It’s kind of a no-brainer to say that breathing is important to our health and well-being. I mean, hello, we literally can’t live without breathing.

forest sunbeamsI think of my lungs as dense, primary forest—they absorb and expel toxins, feeding my blood with balanced amounts of oxygen and carbon dioxide, keeping my cells happy and my mind free from agitation.

Once in while, I momentarily lose site of the forest and have a hard time finding my center. But reestablishing peace is as simple as placing awareness on my breath.

For that reason pranayama, or control of energy flow through breathing, is the root system of my yoga practice (prana means life force and yama restraint or control).

Over the years, one particular form of pranayama has been especially helpful to me. Ujjayi breathing, a steady nasal and ocean sounding breath, has strengthened my fortitude in enduring two-plus hours of self-led Mysore practice and keeps me in check when I’m feeling unyogic. All types of pranayama have contributed to my experiencing a delicious level of concentration.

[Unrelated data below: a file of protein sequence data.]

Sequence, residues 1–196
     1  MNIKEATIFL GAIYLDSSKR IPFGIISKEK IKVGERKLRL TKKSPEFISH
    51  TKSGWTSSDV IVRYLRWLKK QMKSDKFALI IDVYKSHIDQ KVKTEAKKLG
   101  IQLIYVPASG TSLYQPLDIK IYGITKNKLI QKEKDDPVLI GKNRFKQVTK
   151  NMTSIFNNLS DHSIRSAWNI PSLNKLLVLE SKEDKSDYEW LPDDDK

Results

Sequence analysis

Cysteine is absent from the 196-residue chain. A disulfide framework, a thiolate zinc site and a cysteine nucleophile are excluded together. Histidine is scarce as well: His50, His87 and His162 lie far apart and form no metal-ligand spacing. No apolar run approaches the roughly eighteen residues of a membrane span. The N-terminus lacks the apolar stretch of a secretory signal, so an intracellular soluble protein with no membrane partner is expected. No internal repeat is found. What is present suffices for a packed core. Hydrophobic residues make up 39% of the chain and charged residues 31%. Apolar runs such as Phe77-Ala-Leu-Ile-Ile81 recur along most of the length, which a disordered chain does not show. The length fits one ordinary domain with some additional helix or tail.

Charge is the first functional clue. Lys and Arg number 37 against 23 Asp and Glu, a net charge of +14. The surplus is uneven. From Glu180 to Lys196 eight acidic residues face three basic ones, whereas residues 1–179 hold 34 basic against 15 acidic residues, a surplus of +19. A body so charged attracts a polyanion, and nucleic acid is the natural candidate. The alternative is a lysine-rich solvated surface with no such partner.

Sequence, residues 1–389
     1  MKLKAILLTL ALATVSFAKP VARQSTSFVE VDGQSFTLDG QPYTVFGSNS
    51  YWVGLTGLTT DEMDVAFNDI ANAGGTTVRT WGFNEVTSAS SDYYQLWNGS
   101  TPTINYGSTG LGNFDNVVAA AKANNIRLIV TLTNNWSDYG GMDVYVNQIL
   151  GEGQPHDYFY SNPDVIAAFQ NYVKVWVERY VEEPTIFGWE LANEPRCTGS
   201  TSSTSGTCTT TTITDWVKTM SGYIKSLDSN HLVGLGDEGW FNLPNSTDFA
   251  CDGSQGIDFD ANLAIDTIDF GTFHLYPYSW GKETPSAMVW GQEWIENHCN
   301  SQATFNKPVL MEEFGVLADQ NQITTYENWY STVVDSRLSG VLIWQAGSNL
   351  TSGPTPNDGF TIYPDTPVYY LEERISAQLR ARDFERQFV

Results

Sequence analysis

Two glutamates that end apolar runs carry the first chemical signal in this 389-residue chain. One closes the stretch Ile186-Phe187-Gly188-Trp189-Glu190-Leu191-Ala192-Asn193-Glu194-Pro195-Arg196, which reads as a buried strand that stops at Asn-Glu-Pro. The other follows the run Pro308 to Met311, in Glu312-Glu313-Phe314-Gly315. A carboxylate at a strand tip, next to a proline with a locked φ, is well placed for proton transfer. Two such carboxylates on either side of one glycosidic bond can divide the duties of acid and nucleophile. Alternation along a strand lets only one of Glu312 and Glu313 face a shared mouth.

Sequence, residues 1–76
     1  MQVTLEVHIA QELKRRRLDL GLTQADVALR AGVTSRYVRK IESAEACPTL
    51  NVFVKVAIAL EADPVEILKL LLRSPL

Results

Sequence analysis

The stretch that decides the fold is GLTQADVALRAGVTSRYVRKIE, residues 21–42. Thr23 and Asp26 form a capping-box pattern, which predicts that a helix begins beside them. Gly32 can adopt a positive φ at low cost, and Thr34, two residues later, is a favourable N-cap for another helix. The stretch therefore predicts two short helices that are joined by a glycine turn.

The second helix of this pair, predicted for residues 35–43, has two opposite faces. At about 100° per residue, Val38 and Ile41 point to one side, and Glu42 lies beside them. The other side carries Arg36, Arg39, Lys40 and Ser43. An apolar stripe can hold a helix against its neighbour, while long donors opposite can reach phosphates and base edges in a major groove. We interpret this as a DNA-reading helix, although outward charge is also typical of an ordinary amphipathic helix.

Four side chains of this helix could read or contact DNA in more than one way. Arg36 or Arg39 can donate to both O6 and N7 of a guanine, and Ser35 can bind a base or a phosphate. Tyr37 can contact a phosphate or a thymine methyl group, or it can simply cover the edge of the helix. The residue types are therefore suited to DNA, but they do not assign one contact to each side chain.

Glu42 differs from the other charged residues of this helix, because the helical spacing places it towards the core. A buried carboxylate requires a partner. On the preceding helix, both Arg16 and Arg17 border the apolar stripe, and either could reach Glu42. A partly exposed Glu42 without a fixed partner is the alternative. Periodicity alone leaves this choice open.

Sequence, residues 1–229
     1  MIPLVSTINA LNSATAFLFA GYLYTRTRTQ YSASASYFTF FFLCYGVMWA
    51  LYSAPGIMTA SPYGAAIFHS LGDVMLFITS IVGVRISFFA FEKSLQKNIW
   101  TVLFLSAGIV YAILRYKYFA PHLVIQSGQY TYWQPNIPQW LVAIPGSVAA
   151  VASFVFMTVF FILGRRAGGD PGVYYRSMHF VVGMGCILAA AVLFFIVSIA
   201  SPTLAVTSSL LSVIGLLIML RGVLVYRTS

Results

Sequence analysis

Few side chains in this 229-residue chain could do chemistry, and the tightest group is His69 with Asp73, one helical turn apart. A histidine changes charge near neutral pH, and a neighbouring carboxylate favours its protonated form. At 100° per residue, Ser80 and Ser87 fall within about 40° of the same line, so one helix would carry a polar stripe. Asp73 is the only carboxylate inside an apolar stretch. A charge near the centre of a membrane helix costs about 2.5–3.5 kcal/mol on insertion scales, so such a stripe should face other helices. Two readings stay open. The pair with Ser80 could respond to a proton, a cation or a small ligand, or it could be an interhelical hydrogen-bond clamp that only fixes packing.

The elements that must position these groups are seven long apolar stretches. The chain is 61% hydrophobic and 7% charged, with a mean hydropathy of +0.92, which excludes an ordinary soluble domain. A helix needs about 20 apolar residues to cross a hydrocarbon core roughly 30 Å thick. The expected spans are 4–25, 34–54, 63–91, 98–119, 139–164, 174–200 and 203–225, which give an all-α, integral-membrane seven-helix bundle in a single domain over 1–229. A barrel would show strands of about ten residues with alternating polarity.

Studies in the Journal of Alternative and Complementary Medicine have shown that yogic breathing techniques prove effective in treating depression and post-traumatic stress disorder. I tell ya, this breathing stuff is powerful! Just consider how pranayama benefits body and mind:

  • reduces anxiety and depression
  • increases breathing capacity
  • ushers in anti-aging effects (it makes me feel 10 years younger!)
  • boosts immune system
  • improves cardiovascular health
  • sharpens mental processes
  • strengthens the digestive system

Inhale, Exhale

Pranayama offers bonus benefits. Taking a deep breath has saved me many a time from saying or doing something I’d otherwise regret. Like when I’m on the verge of saying something very unyogic to my hubby or kids… I back up from that ledge and click into the breath again.

As with any other aspect of yoga, pranayama is an experiential process. Only you can know and feel how it works for you.

So give it a whirl. The next time someone or some situation starts pushing your buttons, hit Pause on your reactive mechanisms and notice your breathing. It may feel tight and limited to the upper chest. Once you’ve taken note of any constraints, feed more air into your lungs, breathing in and out of the nose.

Observe how your belly softly expands outward as you inhale. Then perceive what relaxes as the fresh oxygen travels from your navel up into the lungs and maybe even reaching the tips of your shoulder blades. As you exhale, your belly softly contracts again, like a hot air balloon losing heat.

Imagine your breath is an ocean tide rolling into and then away from shore. On your next breath in, the tide recedes. With your very next exhale, the tide gently flows over the back of your throat, making a soft crashing sound.

And how do you and your breathing feel now?